Based on a design by Giovanni Michelotti under the supervision of chief designer Franco Martinengo at Stabilimenti Farina, the Meteor was displayed at the 1952 motor show and soon found an owner – F1 and endurance driver Lucien Bianchi. It later passed to Roland Urban, president of the French Jaguar Drivers’ Club and author of Les Métamorphoses du Jaguar (published in 1993), in which this car stars. The current owner has had the Jaguar since 2005, and had it restored in 2012. It’s estimated at between €250k and €350k.

Other British highlights include Mika Hakkinen’s McLaren P1 prototype (€1.5m-€2m), the first Aston Martin One-77 (€800k-€1.2m), a 2013 Aston Martin V12 Zagato (€400k-€450k) and a 2016 Aston Martin Vantage GT12 (€225k-€275k).

RM Sotheby’s

RM Sotheby’s is offering 122 lots across its two-day sale, held on May 10-11. The leading car in the sale is the above ex-Jody Scheckter 1979 Ferrari 312 T4, which we’ve previously discussed here. However, it’s not the only big-draw competition car, or even Ferrari, as we’ll find out below.

1981 Porsche 917 K-81 is the final factory-blessed 917 built, and the last of the model to compete at the Le Mans 24 Hours. As the Group 6 regulations were relaxed for the 1981 World Endurance Championship ahead of the implementation of Group C a year later, Kremer collaborated with Porsche to build an updated Group 6 version of the 917.  It featured a Kremer-built aluminium spaceframe chassis similar to the original, but with additional triangulation and thicker-gauge tubing for better torsional stiffness. The brakes, suspension and running-gear components developed for the Can-Am programme were also utilised.

Two original Type 912 engines – a 4.5- and a 5.0-litre – plus a Type 920 five-speed transaxle were used, and the body was heavily revised with side skirts to enhance ground effect. A rear wing was fitted, too. Bob Wollek, Guy Chasseuil and Xavier Lapeyre were charged with driving duties for Le Mans, but the car would prove uncompetitive and would eventually retire. The car’s second and final race outing was at the Brands Hatch 1000km, the final round of the 1981 World Endurance Championship. Wollek was partnered with Henri Pescarolo, and the short, twisty track played to the car’s strengths. It ran as high as second before suspension failure scuppered its chances.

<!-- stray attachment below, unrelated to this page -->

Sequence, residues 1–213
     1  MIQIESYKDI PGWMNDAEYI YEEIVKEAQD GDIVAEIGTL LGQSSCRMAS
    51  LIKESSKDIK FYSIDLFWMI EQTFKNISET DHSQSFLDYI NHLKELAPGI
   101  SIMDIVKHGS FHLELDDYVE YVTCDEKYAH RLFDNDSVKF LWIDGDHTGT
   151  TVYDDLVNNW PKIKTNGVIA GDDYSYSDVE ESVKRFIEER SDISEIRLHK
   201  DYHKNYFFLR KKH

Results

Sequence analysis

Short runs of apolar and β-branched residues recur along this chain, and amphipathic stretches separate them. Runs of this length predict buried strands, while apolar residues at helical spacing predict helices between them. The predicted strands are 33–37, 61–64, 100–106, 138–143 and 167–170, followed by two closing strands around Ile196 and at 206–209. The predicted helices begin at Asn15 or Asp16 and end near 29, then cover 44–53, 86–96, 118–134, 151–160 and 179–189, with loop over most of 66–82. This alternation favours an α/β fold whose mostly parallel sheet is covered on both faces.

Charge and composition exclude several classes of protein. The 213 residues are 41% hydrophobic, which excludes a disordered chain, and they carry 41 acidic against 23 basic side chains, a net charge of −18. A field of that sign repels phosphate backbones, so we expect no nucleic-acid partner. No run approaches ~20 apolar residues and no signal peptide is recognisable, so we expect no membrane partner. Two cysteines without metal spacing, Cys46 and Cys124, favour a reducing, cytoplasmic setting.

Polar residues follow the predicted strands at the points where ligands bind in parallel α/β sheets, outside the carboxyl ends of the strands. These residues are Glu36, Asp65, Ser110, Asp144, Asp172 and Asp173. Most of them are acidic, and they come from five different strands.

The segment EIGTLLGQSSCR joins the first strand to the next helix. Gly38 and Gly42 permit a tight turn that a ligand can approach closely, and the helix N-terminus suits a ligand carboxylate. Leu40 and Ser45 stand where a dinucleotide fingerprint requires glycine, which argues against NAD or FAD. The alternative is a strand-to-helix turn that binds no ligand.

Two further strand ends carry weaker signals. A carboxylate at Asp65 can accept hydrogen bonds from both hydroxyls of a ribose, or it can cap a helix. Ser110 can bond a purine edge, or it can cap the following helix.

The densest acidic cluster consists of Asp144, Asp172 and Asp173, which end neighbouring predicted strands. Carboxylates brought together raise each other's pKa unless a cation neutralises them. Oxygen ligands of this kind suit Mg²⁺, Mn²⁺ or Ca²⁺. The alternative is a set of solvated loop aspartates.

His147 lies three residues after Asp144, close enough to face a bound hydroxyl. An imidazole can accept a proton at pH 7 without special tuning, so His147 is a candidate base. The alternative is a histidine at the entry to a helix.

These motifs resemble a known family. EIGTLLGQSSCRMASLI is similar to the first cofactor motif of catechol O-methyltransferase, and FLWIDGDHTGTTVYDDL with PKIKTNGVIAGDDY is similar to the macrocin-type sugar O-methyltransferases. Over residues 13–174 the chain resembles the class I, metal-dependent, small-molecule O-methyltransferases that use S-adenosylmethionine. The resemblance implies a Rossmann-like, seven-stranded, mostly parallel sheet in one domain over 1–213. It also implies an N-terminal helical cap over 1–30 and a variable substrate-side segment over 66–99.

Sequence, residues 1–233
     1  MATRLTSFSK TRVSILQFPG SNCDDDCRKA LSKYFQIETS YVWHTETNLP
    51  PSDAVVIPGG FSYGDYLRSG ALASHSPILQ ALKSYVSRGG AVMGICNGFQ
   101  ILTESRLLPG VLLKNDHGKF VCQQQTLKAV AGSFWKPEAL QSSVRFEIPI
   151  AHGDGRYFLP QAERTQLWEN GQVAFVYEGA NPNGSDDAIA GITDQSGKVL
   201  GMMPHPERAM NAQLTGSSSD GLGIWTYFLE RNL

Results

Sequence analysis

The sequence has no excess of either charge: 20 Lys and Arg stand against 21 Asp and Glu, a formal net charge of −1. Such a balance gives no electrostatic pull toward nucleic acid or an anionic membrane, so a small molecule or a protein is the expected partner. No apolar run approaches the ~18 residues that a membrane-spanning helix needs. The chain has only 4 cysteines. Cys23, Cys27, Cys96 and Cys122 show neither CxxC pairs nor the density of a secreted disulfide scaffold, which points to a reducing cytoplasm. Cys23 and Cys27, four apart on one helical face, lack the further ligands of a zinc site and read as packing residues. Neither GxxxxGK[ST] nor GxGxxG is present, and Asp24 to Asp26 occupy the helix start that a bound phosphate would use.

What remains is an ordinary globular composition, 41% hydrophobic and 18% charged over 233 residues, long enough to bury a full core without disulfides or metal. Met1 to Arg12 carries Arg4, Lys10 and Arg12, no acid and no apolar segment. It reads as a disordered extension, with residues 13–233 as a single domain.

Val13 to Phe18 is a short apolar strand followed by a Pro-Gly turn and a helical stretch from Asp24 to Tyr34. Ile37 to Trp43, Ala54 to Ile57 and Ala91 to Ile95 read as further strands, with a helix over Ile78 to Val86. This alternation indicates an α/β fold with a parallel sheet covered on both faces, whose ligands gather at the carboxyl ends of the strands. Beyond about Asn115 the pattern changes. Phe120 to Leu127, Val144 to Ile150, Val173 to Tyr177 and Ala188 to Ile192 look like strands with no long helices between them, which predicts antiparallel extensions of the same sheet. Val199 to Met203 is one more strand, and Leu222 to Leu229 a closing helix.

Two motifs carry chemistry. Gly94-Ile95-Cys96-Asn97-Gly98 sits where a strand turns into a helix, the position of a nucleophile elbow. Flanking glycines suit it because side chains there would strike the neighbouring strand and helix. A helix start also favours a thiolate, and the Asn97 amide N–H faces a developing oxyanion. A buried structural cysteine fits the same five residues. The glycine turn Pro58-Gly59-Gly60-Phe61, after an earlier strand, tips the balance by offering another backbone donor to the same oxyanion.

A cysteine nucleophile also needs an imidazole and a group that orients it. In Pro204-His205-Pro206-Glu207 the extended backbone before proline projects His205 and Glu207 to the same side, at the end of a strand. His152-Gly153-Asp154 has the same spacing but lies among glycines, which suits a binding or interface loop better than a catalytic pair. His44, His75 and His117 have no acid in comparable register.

The car was retained by Kremer for several years before being sold to Bill Bradley, of 1960s Porsche 906 and 910 race fame. The current owner acquired the car in 2011, and had it maintained by Porsche specialist Crubilé Sport of Gazeran, France, which has rebuilt the 5.0-litre engine. It is estimated at between €3.5m and €5m.

Other competition car highlights include a 1954 Ferrari 625 F1 (€2.5m-€3m), 1953 Siata 208S Spider (€2.1m-€2.5m), 1973 McLaren M23 (€1.75m-€2.25m), the ex-Derek Warwick 1991 Jaguar XJR-15 (€1.4m-€1.6m), the ex-Sascha Maassen, Claudia Hürtgen and Stéphane Ortelli Roock Racing 1998 Porsche 911 GT2 (€750k-€1m), the ex-Hans-Joachim Stuck 1991 Audi V8 Quattro DTM (€750k-€1m), the ex-works 1979 Mercedes-Benz 450 SLC 5.0 rally car (€800k-€1m) and the ex-Markku Alén 1985 Lancia Delta S4 Rally (€800k-€1m).

This 1958 Ferrari 250 GT Cabriolet Series I, chassis 0849 GT, leads the road car sales. The 23rd of 40 built, it features one-off coachwork with covered headlamps, front bumperettes and unique side vents. It was first sold to Enzo Paoli Tacchini of Lodi, Italy, who kept the car for two years before selling it to Mario Fano of Milan. In 1964, Paris resident Claude Guillaux became the Ferrari’s third owner, before the car moved through three more French owners prior to moving to the UK, having been acquired by Keith Sohl of Woking, England, in the early 1980s.

It returned to Paris via a German owner in the late 1980s, before make its way through several American owners in the mid-1990s. The last of these was Dennis Pobiak of Scottsdale, who owned it between 1996 and 2007. The next 14 years of the Ferrari’s life were in the care of a French collector, who was able to locate the matching-numbers engine, 0849 GT, which had been installed in the 250 Europa GT number 0367 GT. Carrosserie Lecoq in France was commissioned to undertake a full restoration four years later. The 250 GT was bought by the vendor in 2021, who refinished the car in a colour tribute to its original Bianco. It received Ferrari Classiche Red Book certification in 2024. It’s estimated at between €4.5m and €5m.

Other classic-era cars of note include a 1972 Ferrari 365 GTS/4 Daytona Spyder (€2.8m-€3.2m), 1962 Ferrari 250 GT/L Berlinetta Lusso (€1.5m-€1.75m), 1959 Ferrari 250 GT Cabriolet Series II (€1m-€1.2m), 1955 Porsche 356 Carrera 1500 GS Speedster (€850k-€950k) and 1967 Bizzarrini 5300 GT Strada Alloy (€750k-€850k).

This 2022 Lamborghini Countach LPI 800-4 is one of only five out of the 112 built finished in Luci del Bosco, and the sole example with a Bianco Leda interior. Originally sold to Germany, the interior features Nero Ade accents and Bronze contrast stitching. It shows just 110km on the odometer, and is estimated at between €1.9m and €2.3m.

Other modern hypercar highlights include a 2020 McLaren Senna GTR LM 25 by Lanzante (€1.4m-€1.6m), 2022 McLaren Elva (€1.1m-€1.5m) and 2013 Mercedes-Benz SLS AMG Black Series (€650k-€750k).

Further details

For more details on the Monaco Historique, head here.

The Artcurial W Collection sale takes place at the Fairmont Monte Carlo hotel on May 9. More details are available here.

The Bonhams Les Grandes Marques à Monaco sale takes place Villa La Vigie on May 10. More details are available here.

The RM Sotheby’s Monaco sale takes place at the Grimaldi Forum on May 10-11. More details are available here.